Finally, Fernando Sucre (Amaury Nolasco) aka Michael’s dumb bestfriend also joins the team. He’s now working on a freelance cargo ship that travels the world (and transports illegal things, obviously).

New characters include Cate, a woman in her 30s who may be Lincoln’s girlfriend, they work together at a dive shop in Florida; and Sheba, a beautiful 20 year-old Middle Eastern smuggler.

One last info -at least for now- most of the action of the first episode happens in the United States -the shooting will take place in Atlanta- but we’re in Yemen towards the end, during civil war.



“Colony” (USA Network) preview: Carlton Cuse & Josh Holloway are lost again… in L.A.

Colony - Pilot

Pilot” written and executive produced by Carlton Cuse (Lost, Bates Motel, The Strain) & Ryan Condal (Hercules). Directed by Juan José Campanella (Son of the Bride, The Secret in their Eyes, Halt and Catch Fire). For USA Network, Universal Cable Productions & Legendary Television. 65 pages.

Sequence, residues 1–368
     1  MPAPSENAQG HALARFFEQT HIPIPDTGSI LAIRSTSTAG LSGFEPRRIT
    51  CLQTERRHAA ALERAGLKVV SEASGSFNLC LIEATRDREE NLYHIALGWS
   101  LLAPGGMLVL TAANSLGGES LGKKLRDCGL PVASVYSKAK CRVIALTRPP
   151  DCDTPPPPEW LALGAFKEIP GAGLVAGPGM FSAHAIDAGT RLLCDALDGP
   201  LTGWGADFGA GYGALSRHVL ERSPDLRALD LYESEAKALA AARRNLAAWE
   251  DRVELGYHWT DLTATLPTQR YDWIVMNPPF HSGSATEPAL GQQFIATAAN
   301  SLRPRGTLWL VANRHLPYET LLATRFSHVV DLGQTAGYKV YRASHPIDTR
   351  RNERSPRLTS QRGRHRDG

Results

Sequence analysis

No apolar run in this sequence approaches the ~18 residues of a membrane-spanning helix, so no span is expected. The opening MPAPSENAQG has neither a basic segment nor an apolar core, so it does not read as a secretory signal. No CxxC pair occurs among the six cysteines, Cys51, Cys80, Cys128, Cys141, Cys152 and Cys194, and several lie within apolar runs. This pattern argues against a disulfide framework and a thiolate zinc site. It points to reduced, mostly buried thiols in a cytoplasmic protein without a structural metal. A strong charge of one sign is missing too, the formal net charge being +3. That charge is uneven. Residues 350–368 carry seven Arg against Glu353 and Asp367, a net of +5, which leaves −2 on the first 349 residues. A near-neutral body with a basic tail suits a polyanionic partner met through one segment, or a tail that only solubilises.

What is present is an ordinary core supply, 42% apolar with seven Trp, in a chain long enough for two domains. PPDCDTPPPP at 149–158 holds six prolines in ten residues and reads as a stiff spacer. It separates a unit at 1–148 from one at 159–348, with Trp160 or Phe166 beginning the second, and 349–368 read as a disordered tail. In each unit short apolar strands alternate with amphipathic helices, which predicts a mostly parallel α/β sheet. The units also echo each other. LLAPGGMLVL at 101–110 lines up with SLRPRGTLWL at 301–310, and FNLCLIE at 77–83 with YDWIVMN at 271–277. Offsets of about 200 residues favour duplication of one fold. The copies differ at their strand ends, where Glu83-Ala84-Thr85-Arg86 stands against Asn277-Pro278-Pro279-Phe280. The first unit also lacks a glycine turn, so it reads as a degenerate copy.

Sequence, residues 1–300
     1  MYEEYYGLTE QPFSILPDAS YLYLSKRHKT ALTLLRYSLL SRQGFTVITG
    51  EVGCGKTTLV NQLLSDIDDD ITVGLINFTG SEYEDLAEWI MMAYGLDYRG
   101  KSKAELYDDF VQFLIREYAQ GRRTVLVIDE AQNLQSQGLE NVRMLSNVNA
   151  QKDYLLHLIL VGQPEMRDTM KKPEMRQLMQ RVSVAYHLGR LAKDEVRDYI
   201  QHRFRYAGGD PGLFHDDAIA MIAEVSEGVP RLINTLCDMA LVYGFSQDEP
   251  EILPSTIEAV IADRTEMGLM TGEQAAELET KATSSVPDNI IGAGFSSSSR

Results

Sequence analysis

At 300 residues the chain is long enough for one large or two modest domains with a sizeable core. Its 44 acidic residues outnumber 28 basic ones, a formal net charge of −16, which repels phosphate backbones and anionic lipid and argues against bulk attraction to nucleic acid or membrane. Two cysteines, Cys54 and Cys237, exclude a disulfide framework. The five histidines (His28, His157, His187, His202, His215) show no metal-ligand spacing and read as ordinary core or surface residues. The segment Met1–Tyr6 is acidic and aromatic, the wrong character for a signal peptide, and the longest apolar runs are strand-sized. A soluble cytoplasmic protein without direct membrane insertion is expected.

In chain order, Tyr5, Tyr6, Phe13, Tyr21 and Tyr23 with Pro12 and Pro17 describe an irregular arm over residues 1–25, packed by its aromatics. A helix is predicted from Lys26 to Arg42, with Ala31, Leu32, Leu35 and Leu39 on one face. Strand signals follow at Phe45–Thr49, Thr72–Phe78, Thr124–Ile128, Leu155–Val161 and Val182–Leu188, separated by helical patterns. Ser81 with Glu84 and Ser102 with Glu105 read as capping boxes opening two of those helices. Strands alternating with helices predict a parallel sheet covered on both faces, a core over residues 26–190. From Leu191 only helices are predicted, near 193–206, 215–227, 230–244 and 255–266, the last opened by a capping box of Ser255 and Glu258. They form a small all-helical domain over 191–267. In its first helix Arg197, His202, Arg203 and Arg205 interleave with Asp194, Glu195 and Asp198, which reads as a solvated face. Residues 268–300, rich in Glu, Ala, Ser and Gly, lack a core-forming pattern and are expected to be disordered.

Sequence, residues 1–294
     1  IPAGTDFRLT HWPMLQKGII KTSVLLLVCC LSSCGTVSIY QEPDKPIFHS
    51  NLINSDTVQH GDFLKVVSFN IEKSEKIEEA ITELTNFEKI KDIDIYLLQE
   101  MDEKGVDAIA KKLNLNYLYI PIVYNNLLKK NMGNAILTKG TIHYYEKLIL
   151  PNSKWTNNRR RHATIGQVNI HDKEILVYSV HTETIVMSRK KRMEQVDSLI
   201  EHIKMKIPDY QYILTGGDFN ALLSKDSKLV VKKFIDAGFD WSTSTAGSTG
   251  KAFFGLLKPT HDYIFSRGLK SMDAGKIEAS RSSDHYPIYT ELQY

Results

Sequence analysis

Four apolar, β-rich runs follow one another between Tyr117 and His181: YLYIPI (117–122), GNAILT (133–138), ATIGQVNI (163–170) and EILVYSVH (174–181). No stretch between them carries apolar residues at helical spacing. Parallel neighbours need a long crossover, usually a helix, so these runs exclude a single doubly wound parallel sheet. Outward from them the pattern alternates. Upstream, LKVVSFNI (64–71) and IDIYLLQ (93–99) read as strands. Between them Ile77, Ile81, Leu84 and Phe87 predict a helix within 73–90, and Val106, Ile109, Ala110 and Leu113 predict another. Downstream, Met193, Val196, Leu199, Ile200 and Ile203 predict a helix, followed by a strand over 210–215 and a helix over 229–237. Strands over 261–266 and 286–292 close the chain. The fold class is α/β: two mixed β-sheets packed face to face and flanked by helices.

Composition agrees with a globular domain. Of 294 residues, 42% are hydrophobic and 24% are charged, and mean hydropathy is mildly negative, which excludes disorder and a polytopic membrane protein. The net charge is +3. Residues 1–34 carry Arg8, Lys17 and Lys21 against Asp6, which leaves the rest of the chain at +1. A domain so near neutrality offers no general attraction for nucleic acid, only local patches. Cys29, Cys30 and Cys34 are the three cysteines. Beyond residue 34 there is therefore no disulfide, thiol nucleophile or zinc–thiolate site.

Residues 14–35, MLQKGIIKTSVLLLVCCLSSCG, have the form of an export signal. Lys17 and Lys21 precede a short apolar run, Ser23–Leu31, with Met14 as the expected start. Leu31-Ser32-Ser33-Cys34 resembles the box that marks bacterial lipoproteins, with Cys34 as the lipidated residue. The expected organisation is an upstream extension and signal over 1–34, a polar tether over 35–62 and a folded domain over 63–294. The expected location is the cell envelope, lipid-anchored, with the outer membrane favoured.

Description:  In the near future, the great city of Los Angeles still exists but in a state of occupation by a force of outside intruders. Some people decided to collaborate with the authorities and benefit from the new order, while others rebel and suffer the consequences. The Bowman family is torn by those opposing forces and has to make difficult choices as they balance staying together with surviving the struggle of the human race. When the father, Will, is reluctantly hired by the chief of collaborators Alan Snyder, nothing can ever be the same for them…

With Josh Holloway (Lost, Intelligence, Mission: Impossible – Ghost Protocol), Sarah Wayne Callies (Prison Break, The Walking Dead), Peter Jacobson (House), Amanda Righetti (The Mentalist, The OC), Tory Kittles (True Detective, Sons Of Anarchy), Gonzalo Menendez